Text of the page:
ECRI List of Top Patient Safety Concerns Includes Sterile Processing
The ECRI Institute, based in Philadelphia, has just released its annual list of patient safety concerns for 2020. This year’s list includes an entry at number 5 for device cleaning, disinfection and sterilization, echoing prior year concerns about sub-standard disinfection practices for flexible endoscopes and other reusable medical equipment.
ECRI’s list is the result of extensive data accumulated from member hospitals, as well as input from interdisciplinary patient safety experts. The list is voted on by patient safety experts from inside and outside of ECRI, and the list is meant to identify new risks, existing concerns that are changing because of new technology or care delivery models, and persistent issues that need focused attention or pose new opportunities for intervention.
It’s no surprise that sterilization practices came in as number 5 on the list, as reports of safety breaches due to poorly sterilized or disinfected medical equipment continue to occur all around the country. The Executive Brief published by ECRI Institute explains why device disinfection continues to be such a concern:
“In spite of several barriers, sterile processing departments (SPDs) are responsible for cleaning, decontamination, inspection, assembly, packaging, storage, and distribution of instruments, equipment, and supplies—tasks that rely on strict adherence to processes that leave no room for error. Some of these barriers include productivity pressures; lack of access to current manufacturer instructions for use and processing technologies; lack of necessary supplies; communication breakdowns between SPD staff and the departments they support; and a lack of universal training and certification requirements.
Incidents involving improperly reprocessed instruments can potentially result in devastating effects on patients, damage to organizational and provider reputations, citations and fines from regulatory bodies, prompt review by accrediting agencies, and lawsuits. However, “patient safety starts in the sterile processing department,” says Gail Horvath, MSN, RN, CNOR, CRCST, senior patient safety analyst and consultant, ECRI, and “everyone has a role.”
To help mitigate the risk of errors and their consequences, ECRI recommends facilities establish effective workflows that involve SPD and clinical staff input, incorporate quality checks throughout the sterilization process, improve interprofessional relationships, and provide continuing education opportunities for staff. Establishing relationships with instrument manufacturers and accessing resources from organizations such as the Association for the Advancement of Medical Instrumentation [AAMI], the American Society for Health Care Engineering [ASHE], and the Association of periOperative Registered Nurses [AORN] can help fine-tune SPD policies and procedures to ensure timely and safe turnaround times, reduce preventable errors and associated costs, and ensure patient safety and satisfaction.”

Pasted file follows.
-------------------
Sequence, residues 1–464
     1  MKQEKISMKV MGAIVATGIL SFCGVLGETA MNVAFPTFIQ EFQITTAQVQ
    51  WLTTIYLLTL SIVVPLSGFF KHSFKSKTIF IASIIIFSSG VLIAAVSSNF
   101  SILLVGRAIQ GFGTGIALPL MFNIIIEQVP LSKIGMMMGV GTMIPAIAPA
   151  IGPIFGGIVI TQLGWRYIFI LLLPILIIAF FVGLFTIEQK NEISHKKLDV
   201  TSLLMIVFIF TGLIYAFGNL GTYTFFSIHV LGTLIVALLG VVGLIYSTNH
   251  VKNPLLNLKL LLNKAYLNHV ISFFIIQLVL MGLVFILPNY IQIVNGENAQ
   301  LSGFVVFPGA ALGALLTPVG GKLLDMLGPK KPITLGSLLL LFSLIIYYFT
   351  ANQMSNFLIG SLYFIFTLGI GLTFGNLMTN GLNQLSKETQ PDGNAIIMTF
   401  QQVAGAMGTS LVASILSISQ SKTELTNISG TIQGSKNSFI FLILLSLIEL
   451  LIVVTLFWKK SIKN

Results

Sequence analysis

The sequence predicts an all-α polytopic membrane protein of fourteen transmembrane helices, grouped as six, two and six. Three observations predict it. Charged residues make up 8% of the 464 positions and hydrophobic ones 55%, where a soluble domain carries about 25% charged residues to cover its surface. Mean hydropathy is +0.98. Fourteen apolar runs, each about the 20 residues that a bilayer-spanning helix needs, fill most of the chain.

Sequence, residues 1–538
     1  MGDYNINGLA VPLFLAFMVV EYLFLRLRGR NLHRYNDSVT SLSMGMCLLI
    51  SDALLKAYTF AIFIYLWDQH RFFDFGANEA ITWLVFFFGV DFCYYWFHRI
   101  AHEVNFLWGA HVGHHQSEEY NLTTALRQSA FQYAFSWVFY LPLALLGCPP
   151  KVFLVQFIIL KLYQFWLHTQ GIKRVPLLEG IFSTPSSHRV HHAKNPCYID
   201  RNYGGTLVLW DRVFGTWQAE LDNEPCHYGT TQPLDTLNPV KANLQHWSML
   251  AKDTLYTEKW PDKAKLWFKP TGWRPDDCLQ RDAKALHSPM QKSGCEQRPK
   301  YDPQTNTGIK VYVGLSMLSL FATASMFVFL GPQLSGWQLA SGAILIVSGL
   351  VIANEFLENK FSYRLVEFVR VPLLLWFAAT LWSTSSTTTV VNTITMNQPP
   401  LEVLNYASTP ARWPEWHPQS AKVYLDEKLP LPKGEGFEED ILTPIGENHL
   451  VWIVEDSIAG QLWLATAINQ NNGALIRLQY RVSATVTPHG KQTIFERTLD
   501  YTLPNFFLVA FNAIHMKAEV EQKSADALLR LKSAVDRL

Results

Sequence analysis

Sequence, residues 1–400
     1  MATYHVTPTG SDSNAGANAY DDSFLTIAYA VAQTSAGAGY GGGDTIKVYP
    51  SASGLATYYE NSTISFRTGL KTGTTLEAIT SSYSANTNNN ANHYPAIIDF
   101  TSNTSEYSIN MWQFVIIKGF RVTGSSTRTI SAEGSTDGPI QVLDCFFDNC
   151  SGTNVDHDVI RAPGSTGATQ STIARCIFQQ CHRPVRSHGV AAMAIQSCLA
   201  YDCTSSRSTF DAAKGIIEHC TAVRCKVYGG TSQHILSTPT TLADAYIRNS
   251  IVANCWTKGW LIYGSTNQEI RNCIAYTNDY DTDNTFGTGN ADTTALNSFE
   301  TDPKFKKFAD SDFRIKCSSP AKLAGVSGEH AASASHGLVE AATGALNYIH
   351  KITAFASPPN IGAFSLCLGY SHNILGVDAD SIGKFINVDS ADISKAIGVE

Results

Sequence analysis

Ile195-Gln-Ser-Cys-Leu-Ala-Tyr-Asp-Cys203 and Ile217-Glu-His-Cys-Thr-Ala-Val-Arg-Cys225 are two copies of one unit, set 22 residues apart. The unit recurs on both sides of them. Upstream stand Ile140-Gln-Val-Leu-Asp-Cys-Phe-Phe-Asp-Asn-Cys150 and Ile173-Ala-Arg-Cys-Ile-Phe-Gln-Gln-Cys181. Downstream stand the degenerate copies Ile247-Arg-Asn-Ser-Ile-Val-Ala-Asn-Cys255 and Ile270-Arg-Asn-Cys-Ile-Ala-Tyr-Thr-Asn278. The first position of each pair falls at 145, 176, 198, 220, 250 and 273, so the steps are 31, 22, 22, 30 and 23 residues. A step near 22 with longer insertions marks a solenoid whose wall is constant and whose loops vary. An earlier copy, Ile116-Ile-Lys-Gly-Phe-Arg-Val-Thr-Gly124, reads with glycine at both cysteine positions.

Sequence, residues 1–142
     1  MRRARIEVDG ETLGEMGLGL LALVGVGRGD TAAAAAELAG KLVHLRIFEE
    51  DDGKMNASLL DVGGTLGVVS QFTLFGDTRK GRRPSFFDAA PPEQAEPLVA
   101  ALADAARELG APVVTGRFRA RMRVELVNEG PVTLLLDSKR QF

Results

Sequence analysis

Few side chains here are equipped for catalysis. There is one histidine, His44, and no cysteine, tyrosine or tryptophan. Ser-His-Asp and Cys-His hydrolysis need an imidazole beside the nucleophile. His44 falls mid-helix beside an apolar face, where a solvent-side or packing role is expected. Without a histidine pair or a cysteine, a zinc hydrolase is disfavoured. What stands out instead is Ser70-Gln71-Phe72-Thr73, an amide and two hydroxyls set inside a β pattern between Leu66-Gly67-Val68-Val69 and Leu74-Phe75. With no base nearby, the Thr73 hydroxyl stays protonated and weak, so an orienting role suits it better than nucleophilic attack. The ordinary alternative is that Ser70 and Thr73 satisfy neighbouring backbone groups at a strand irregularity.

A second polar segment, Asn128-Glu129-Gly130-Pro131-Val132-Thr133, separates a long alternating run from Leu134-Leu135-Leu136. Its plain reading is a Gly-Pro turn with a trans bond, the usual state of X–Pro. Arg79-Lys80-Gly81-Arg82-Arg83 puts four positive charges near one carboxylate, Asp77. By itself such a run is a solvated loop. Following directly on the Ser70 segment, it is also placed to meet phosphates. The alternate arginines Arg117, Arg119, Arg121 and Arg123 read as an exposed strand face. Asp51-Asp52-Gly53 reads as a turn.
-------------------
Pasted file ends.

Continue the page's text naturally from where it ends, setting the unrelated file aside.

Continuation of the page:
The article also noted that “Sterile processing failures can lead to surgical site infections, which have a 3% mortality rate and an associated annual cost of $3.3 billion.”
Read the entire Executive Brief here: Top 10 Patient Safety Concerns 2020
As the spotlight on reusable medical equipment such as endoscopes and surgical instruments continues to shine, hospitals and ambulatory surgical centers must continue to be vigilant in enforcing the highest standards for sterilization and high-level disinfection. We must make sure that team members are performing the steps of the sterilization or reprocessing cycle consistently and are documenting their findings along the way. If your department wants to automate the workflow and documentation process of the endoscope reprocessing cycle, consider a software system like iRIScope. Systems like these ensure that your staff are performing consistent, repeatable and documented steps during reprocessing. They also minimize manual efforts to document the process by incorporating advanced data collection technologies like RFID directly in to the workflow.